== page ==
Extraordinary Diaries of Field Marshal Lord Ironside Acquired by the Liddell Hart Centre for Military Archives at King’s College London

These diaries cover the entire life and career of one of the most prominent figures in the British Army in the twentieth century and have been eagerly awaited by historians and enthusiasts alike. The extraordinary diaries of Lord Ironside were first targeted by Professor Sir Michael Howard when he created the Liddell Hart Centre for Military Archives back in 1964: after a remarkable 60 years, they are finally in the ownership of King’s College and the Liddell Hart Centre for Military Archives.

Arthur Byng Nelson, Head of the Art & Heritage Department at Sherrards, advised the Ironside family regarding these special papers and facilitated the transfer to the nation in lieu of inheritance tax for the benefit and study of the general public.

To commemorate this event King’s College London Archives and the Sir Michael Howard Centre for the History of War are hosting a talk on Tuesday 12th March from 5:30 pm in the Archives Reading Room, at the Strand Building. At this gathering, esteemed speakers Professor Jonathan Fennell and Professor Andrew Stewart of King’s College London will delve into the significance of this collection for the study of the history of the world wars and beyond.

To sign up, click here and secure your place to celebrate the legacy of Field Marshal Lord Ironside and the invaluable contribution of his diaries to the understanding of military history.

To find out more about how we can help with your Art & Heritage matters, click here. 

Recruitment Agency Fee Disputes: Recovering Third Party Introduction Fees

In this case, Sherrards were engaged to act on behalf of a recruitment agency that specialised in supplying finance professionals into various types of finance companies. The recruiter was engaged by a global private equity investment firm (“Company A”) to source a finance operations professional for them. The recruiter fulfilled the brief and sent several CVs to Company A, some of which resulted in interviews.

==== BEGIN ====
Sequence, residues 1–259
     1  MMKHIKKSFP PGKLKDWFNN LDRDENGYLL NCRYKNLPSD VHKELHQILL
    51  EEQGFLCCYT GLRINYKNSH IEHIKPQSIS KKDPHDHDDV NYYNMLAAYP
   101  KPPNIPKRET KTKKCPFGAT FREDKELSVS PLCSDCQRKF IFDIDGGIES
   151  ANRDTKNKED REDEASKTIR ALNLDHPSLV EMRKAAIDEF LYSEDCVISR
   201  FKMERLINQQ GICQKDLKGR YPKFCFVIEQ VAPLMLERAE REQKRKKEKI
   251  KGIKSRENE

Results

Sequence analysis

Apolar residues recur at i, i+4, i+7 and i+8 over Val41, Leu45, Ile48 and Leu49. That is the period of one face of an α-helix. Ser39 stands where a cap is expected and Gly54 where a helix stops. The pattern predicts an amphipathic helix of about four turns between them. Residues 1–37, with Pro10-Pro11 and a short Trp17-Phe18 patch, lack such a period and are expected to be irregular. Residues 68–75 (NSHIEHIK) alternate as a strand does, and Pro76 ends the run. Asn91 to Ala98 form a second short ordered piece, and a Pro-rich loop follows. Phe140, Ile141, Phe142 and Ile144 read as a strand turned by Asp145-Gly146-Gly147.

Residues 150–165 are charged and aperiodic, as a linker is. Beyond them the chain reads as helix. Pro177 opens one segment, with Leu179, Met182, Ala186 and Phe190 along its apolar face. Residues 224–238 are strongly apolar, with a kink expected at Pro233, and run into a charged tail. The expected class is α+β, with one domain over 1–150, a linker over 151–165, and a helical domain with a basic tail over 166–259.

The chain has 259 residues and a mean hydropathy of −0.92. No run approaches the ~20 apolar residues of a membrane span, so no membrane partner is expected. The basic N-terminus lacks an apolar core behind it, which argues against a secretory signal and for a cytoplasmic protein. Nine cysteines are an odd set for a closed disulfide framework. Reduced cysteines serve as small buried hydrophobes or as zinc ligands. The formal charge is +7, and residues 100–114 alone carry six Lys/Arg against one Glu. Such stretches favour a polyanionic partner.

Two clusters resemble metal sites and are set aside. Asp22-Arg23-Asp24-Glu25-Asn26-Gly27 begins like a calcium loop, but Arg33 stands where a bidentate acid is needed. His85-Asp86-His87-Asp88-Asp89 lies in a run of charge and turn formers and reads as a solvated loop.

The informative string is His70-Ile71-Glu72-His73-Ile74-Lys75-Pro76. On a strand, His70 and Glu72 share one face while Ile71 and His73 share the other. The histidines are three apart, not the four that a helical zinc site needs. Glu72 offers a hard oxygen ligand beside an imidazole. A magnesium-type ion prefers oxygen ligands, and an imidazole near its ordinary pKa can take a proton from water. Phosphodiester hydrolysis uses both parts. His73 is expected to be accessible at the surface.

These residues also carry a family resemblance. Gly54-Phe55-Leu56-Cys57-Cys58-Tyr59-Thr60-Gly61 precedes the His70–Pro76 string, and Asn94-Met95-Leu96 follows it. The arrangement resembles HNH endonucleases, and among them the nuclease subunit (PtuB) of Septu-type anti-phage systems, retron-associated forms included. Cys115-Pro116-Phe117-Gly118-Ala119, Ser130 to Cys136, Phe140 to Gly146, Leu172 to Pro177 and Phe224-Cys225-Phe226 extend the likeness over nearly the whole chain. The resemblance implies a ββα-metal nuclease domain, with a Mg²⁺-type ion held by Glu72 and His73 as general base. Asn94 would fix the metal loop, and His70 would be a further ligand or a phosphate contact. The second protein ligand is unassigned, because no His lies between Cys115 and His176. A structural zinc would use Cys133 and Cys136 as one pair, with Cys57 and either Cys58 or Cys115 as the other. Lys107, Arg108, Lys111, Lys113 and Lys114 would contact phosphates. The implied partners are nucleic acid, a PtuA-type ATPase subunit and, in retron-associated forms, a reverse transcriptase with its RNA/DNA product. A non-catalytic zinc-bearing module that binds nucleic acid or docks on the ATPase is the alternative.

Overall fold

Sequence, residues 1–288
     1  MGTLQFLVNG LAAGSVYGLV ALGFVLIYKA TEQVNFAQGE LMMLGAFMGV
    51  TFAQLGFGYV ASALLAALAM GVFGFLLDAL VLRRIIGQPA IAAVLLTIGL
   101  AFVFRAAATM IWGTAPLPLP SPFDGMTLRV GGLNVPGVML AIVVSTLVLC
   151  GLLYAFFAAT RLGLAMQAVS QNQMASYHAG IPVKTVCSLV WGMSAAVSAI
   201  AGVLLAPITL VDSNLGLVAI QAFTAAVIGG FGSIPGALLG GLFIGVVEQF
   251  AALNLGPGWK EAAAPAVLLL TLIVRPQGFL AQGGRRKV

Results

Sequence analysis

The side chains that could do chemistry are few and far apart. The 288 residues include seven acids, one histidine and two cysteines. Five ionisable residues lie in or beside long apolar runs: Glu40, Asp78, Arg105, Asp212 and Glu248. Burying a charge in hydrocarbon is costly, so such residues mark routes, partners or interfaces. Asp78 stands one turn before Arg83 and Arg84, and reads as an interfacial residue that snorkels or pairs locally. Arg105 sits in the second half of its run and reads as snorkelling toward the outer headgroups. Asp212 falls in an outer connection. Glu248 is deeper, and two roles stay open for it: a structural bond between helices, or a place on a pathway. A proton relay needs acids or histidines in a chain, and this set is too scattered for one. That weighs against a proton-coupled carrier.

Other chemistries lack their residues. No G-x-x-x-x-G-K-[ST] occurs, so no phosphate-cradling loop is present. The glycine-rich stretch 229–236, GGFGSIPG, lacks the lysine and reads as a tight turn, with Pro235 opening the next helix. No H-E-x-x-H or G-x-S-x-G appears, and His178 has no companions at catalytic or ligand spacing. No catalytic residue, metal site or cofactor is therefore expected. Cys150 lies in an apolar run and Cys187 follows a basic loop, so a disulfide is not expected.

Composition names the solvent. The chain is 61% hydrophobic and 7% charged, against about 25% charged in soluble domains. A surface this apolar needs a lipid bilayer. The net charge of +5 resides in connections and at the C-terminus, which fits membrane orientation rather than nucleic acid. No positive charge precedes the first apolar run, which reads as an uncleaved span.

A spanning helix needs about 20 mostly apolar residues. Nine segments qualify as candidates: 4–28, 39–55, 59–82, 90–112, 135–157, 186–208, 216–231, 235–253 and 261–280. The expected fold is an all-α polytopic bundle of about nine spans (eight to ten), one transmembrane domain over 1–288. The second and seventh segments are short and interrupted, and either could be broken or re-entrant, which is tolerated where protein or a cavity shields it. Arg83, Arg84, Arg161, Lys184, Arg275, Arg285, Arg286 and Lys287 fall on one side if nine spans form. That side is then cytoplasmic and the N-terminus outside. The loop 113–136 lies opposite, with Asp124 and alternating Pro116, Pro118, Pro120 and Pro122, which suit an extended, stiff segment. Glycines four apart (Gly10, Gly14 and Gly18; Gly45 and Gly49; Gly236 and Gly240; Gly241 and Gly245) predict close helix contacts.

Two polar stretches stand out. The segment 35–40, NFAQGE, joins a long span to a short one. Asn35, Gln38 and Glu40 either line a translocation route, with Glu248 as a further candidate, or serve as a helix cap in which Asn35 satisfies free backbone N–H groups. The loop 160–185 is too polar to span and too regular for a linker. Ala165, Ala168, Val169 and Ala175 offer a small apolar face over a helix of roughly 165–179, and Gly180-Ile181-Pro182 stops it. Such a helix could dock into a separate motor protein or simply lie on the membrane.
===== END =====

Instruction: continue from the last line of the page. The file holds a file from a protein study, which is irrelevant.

As sometimes happens, the recruiter did not hear further and received no indication from Company A as to whether any of the candidates had been successful. After following up with each of the candidates, it transpired in conversation with one of them that they had been hired into another company that appeared to be related to Company A. After some further investigation, it further transpired that the candidate had been hired into another company within Company A’s corporate group (“Company B”). Upon discovering this, the recruiter sought to recover its introduction fee from Company A. However, Company A maintained, for various reasons, that there had been no introduction within the meaning of the recruiter’s terms of business and that it was not liable for a fee (separately Company B was also asserting that there was no contract in place between it and the recruiter).

Following Sherrards’ instruction, we reviewed the terms of business and the chain of events, and it was unequivocal that there was a contract in place between Company A and the recruiter. However, what required further analysis was whether Company A was still liable for the introduction fee in circumstances where it had effected a Third Party Introduction?